Princeton University, Ph.D. Comparative Literature
Yale University, B.A. English
Areas of Expertise
Philosophy and literature; aesthetics; literary theory
Poetry (19th and 20th century French, francophone African, American, British)
Islamic studies (pre-Islamic poetry; Quranic studies; art and aesthetics; Islamic legal and political theory; African Islam)
Born and raised in the Congo, Ally Ladha holds a bachelor’s degree in English from Yale University and a Ph.D. in Comparative Literature from Princeton University. He has taught at Harvard University and currently teaches literature and philosophy at the University of Connecticut. Ladha’s philosophical work, centering on the relation of aesthetics and knowledge, identifies dynamic, contingent, and performative modes of subjectivity across various traditions, with potentially radical implications for contemporary political and legal theory. He anchors his research at the intersection of Arabo-Islamic thought, French and German literature and philosophy, and their respective legacies in francophone cultural expressions.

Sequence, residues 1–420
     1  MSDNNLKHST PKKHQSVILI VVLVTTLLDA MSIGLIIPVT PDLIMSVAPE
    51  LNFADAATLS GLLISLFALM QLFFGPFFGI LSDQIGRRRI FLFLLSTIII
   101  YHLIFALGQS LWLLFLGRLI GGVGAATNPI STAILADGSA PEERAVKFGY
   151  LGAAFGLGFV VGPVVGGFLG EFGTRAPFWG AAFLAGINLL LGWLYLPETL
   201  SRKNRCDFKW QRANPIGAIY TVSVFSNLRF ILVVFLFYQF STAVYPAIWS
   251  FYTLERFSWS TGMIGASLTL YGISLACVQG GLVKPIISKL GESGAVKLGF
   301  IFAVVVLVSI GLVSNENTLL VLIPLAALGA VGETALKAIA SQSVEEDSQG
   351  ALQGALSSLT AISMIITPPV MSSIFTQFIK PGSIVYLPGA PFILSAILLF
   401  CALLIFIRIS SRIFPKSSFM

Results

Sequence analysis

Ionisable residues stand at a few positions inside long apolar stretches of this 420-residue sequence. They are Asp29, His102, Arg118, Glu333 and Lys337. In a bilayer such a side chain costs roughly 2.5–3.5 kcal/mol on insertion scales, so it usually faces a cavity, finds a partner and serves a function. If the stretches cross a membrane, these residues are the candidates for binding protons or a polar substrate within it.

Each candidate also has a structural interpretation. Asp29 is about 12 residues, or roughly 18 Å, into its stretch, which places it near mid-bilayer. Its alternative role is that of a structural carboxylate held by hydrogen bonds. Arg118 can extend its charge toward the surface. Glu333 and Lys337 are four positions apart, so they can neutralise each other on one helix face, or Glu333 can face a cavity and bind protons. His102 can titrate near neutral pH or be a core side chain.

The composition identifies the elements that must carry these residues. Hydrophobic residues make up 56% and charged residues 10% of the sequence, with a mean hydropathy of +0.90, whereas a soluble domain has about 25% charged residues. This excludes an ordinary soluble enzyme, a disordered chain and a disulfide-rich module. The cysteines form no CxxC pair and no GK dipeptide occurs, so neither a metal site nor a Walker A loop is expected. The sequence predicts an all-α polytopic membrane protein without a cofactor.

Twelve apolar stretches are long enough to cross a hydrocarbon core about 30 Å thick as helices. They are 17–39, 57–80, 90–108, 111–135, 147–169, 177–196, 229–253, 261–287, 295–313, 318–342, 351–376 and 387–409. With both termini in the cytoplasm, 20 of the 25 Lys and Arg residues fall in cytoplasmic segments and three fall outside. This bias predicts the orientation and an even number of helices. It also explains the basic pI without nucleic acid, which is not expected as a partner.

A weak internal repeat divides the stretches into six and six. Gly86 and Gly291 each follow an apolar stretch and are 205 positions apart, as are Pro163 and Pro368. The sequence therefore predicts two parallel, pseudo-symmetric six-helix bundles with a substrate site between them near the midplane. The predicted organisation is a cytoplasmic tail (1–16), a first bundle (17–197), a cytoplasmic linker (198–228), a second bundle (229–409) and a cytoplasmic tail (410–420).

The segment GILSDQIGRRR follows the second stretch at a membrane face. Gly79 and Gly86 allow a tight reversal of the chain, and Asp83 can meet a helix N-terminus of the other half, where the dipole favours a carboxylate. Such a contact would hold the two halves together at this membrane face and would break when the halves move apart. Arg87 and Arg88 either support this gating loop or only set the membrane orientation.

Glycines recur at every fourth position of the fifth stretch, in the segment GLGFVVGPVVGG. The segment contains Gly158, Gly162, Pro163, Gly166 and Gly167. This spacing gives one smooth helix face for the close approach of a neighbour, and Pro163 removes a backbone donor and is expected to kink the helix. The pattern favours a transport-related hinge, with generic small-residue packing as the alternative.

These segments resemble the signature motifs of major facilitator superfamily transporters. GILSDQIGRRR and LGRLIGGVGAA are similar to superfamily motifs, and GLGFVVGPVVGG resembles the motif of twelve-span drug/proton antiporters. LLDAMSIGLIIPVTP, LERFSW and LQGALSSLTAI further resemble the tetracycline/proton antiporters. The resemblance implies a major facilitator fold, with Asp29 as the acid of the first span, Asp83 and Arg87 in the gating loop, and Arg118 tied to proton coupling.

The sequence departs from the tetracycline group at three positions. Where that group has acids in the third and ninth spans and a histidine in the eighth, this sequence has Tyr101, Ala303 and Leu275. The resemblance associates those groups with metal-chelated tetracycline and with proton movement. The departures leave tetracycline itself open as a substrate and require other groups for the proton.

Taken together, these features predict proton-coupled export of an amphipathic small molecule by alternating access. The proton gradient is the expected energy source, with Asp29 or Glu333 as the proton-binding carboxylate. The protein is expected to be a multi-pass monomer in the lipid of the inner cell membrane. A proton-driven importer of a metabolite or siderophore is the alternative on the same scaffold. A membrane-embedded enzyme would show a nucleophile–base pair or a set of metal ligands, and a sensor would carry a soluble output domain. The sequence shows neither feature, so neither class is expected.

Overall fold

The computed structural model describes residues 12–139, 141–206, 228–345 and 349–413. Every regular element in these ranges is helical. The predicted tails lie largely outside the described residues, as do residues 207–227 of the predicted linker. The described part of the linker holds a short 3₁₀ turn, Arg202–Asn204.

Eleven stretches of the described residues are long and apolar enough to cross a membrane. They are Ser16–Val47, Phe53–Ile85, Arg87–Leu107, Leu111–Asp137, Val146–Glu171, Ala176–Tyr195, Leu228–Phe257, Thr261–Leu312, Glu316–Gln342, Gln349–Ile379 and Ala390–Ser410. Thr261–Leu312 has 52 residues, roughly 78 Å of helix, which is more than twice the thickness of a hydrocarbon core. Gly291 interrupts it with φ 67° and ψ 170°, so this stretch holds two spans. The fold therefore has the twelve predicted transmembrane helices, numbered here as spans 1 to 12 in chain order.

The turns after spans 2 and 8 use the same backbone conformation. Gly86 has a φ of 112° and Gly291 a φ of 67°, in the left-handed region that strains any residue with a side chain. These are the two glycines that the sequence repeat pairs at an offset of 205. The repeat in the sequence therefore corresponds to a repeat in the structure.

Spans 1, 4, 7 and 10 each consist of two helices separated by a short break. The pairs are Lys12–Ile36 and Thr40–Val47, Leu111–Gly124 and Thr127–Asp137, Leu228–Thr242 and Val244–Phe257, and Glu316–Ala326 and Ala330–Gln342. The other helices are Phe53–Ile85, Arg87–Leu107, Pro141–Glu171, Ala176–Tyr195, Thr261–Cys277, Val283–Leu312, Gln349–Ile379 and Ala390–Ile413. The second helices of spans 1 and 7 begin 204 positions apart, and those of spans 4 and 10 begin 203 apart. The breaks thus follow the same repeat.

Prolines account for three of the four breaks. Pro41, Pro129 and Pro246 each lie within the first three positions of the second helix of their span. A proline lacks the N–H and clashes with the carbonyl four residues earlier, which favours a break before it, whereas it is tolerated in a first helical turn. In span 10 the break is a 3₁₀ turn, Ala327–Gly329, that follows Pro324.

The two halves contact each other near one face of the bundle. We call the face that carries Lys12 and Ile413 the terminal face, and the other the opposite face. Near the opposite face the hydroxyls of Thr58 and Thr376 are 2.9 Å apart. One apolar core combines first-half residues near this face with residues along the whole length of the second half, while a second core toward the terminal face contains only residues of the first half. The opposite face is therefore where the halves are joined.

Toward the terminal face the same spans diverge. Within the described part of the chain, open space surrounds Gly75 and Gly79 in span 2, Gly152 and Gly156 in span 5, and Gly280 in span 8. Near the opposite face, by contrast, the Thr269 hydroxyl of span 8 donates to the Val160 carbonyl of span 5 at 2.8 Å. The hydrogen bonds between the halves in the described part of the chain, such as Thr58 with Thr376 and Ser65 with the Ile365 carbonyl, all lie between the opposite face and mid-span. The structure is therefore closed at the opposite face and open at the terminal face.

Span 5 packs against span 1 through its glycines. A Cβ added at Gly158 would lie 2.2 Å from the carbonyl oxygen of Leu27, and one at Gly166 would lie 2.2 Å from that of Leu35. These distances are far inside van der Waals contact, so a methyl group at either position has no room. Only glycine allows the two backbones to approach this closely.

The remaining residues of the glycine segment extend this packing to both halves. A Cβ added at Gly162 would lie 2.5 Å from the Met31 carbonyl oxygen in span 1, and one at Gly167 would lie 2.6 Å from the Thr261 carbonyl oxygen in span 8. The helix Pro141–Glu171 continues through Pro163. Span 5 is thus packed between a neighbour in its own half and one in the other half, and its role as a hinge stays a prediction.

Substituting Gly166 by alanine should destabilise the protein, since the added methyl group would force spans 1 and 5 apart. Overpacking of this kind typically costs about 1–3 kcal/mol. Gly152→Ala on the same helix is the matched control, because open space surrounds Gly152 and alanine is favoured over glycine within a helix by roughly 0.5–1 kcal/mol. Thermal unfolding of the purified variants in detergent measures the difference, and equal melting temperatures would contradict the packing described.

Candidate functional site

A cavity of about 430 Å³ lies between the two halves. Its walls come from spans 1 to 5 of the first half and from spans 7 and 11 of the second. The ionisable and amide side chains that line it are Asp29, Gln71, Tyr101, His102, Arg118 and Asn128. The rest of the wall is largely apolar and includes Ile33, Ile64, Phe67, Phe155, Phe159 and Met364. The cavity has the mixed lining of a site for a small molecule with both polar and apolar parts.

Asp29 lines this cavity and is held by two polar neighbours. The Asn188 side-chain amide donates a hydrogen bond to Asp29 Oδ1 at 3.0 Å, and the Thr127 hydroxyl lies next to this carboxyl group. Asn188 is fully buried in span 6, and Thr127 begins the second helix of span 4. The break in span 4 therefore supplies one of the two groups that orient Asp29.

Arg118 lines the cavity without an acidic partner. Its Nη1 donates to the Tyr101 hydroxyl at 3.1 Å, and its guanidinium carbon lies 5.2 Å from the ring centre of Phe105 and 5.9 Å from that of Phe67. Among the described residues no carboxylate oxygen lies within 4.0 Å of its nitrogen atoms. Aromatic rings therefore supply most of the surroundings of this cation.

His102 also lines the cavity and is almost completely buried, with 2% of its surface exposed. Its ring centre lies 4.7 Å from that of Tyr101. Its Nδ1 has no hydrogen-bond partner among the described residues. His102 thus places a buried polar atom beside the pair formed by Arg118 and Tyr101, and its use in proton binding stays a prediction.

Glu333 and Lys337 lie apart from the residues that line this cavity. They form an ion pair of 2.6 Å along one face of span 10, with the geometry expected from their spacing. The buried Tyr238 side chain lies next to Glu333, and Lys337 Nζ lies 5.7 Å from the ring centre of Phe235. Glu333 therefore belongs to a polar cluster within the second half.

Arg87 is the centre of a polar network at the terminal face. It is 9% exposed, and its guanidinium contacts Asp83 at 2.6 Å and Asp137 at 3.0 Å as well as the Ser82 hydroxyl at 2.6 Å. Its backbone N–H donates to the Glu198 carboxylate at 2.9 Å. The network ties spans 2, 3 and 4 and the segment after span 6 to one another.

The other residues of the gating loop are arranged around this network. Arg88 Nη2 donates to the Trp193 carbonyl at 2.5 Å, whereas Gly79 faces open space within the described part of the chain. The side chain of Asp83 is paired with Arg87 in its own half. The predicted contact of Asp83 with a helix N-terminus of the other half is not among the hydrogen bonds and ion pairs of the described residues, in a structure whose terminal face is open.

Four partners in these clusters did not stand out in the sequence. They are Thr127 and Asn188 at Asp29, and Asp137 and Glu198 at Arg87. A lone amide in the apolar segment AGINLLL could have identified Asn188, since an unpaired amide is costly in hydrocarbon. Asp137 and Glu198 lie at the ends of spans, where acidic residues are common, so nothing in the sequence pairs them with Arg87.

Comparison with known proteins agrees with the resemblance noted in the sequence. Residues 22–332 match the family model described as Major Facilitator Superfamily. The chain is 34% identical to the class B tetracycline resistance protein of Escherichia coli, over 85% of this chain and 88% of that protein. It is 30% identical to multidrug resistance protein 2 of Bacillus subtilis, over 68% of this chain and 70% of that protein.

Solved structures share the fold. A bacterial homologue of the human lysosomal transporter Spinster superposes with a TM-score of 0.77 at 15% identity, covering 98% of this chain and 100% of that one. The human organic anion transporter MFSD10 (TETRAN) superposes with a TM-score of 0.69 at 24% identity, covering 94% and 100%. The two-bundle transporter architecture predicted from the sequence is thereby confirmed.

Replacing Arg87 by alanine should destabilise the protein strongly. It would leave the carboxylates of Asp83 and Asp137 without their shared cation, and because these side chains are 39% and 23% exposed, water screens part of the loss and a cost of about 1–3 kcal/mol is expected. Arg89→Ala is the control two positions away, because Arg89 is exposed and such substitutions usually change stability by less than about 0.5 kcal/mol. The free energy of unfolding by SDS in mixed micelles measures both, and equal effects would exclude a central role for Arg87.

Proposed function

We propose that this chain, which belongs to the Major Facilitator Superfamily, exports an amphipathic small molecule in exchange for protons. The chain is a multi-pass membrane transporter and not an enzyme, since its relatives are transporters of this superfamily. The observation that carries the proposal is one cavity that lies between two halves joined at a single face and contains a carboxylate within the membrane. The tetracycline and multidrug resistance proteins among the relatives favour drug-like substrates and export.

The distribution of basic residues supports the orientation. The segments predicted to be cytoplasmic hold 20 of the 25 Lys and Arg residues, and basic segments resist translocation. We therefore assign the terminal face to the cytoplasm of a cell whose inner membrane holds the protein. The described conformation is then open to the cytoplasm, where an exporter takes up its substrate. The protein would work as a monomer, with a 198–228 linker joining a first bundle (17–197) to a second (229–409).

Ladha’s recent works include The Mamertine Group, an experimental design lab that develops architectural interventions in the public imaginary, relating monumental form to questions of sovereignty, citizenship, culture, and history. His “Prison-Wall” project has been featured in over one hundred publications internationally including CNN, The Guardian, CNBC, Wired, and Telemundo.
His current book project, entitled The Architecture of Freedom: Hegel, Subjectivity, and the Postcolonial State, analyzes the idea of “Africa” in relation to conceptions of language, the aesthetic, and the political subject in Hegel’s work and its articulation in contemporary francophone African thought. Ladha has lectured at the École Normale Supérieure, the American University of Cairo, Université de Reims Champagne-Ardenne, Harvard University, Universitat Autònoma de Barcelona, and the University of Connecticut.
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